Defiance grows in fees debate

November 22, 2002

Vice-chancellors throughout Wales and the Northeast of England have come out against the introduction of top-up fees.

In a statement this week, heads of member institutions of the University of Wales and Higher Education Wales described top-up fees as "an inappropriate means of bridging the funding gap".

The statement, sent to the Welsh Assembly, said that Welsh higher education institutions did not wish to introduce higher fees and had no plans to do so.

It followed an announcement by Cardiff University vice-chancellor David Grant that he was opposed to top-up fees.

As vice-chancellor of the only Russell Group university in Wales, his comments to Cardiff's governing council were seen as an indicator of the general mood in Welsh higher education.

He stressed that leading research universities needed more funding to remain internationally competitive but said: "Top-up fees are not the solution."

Derec Llwyd Morgan, vice-chancellor of the University of Wales Aberystwyth and senior vice-chancellor for the federal University of Wales, said:

"Top-up fees would be unattractive to students from disadvantaged backgrounds."

The vice-chancellors' statement came as Welsh Labour education minister Jane Davidson condemned proposals for higher fees. She told the assembly:

"I do not see them as benefiting our sector when one of our agendas is widening participation."

Five universities in the northeast of England have united against top-up fees. Vice-chancellors at the universities of Durham, Newcastle, Northumbria, Sunderland and Teesside, together with the northern region of the Open University, agreed at a recent board meeting of Universities for the North East that the deregulation of fees could damage the region's efforts to improve educational attainment levels and boost the economy.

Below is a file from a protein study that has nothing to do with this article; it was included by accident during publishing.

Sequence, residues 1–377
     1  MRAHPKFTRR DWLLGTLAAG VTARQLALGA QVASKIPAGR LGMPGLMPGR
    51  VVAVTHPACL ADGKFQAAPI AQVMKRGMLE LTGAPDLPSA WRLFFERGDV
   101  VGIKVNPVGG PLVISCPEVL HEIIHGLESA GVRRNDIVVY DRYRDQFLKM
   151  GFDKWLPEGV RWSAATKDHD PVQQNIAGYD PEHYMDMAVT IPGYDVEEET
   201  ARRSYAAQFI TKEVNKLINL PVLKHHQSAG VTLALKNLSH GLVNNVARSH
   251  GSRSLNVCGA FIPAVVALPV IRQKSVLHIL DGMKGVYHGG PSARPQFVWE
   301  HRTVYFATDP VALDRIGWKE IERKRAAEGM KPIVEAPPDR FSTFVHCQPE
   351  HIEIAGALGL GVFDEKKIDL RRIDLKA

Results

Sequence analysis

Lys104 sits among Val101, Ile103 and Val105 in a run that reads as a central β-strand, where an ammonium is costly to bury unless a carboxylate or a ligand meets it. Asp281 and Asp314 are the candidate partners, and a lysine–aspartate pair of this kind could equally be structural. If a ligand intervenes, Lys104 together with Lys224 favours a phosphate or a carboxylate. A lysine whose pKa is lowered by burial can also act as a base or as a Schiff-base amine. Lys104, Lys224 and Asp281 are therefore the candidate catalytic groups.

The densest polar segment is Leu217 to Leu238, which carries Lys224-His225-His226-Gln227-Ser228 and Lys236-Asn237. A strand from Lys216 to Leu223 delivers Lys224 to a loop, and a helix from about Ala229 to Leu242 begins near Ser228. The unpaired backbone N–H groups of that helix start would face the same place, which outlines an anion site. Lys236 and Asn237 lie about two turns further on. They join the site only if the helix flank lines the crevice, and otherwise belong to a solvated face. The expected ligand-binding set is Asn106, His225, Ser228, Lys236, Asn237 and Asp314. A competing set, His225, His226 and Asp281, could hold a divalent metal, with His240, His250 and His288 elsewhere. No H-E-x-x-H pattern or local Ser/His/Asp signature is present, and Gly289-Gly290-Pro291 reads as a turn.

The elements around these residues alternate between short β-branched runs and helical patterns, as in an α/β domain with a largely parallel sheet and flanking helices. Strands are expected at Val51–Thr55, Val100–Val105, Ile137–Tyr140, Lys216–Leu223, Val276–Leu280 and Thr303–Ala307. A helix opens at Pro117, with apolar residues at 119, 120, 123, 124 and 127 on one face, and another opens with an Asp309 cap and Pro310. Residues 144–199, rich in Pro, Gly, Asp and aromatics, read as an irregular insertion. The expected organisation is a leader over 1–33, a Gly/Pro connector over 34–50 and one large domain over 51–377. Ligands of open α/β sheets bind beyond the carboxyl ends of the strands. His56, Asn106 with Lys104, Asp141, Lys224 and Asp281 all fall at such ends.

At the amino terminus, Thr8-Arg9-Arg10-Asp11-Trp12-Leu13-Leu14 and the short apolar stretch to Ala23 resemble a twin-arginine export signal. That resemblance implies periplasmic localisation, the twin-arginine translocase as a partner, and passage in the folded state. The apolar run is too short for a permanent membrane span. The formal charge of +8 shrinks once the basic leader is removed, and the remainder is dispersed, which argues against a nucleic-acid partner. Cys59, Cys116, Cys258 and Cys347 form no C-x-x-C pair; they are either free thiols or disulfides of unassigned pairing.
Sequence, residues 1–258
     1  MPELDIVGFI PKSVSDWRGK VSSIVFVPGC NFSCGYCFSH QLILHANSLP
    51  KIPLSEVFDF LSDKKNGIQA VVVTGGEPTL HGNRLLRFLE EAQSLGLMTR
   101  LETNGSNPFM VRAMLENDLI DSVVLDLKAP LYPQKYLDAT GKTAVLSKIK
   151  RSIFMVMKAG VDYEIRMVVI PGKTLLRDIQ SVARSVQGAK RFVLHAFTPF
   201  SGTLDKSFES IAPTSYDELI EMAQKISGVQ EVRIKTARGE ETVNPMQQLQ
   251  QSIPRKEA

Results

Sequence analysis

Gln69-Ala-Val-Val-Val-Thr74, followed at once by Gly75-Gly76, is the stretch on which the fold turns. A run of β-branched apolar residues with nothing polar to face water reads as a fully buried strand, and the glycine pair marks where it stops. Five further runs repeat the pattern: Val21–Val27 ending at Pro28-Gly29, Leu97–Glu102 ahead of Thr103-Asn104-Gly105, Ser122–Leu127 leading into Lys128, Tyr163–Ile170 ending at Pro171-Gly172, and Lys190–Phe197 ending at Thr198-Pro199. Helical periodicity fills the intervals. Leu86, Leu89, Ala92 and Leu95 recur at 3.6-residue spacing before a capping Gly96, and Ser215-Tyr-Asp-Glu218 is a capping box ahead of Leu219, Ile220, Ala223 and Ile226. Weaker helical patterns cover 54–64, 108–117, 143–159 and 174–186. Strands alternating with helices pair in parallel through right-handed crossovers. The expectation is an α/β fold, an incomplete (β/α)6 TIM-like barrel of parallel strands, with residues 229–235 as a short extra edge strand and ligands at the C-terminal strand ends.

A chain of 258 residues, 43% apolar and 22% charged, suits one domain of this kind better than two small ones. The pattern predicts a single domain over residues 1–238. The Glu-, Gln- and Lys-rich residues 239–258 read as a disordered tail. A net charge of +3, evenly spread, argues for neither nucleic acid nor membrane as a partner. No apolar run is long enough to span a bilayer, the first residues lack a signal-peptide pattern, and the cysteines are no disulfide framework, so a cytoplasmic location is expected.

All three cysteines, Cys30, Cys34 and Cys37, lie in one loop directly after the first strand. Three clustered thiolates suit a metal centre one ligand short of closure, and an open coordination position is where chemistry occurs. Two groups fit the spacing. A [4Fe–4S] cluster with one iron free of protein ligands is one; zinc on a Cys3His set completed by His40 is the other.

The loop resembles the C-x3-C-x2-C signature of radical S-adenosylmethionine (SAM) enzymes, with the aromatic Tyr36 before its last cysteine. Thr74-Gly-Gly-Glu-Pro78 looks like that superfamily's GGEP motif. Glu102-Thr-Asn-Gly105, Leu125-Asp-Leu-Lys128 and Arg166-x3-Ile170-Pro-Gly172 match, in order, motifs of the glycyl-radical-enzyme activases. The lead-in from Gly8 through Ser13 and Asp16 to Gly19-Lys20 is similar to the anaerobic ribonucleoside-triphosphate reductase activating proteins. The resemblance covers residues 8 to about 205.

University of Sunderland vice-chancellor Peter Fidler, who chairs Universities for the North East, said: "We are concerned that an increase in fees could undermine the government's aim of widening participation, particularly in this region, where fear of debt is already deterring students whose families cannot afford to provide financial support."


  • According to a THES poll of vice-chancellors, those universities on record as supporting higher tuition fees are: Central England, Middlesex, Bournemouth, Birmingham, Sussex, Leeds Metropolitan, Aston, Sheffield Hallam, Loughborough, King's College London, Brunel and Nottingham.

  • Those universities that told The THES they opposed higher tuition fees were: Glasgow Caledonian, Brighton, Stirling, Glasgow, Huddersfield, West of England, Plymouth, Teesside, Exeter, Abertay, Central Lancashire, Northumbria, Ulster, Robert Gordon, Dundee and South Bank.

  • Those declaring themselves undecided or resigned to fees are: Napier, Coventry, Reading, Bath, Oxford and Paisley.

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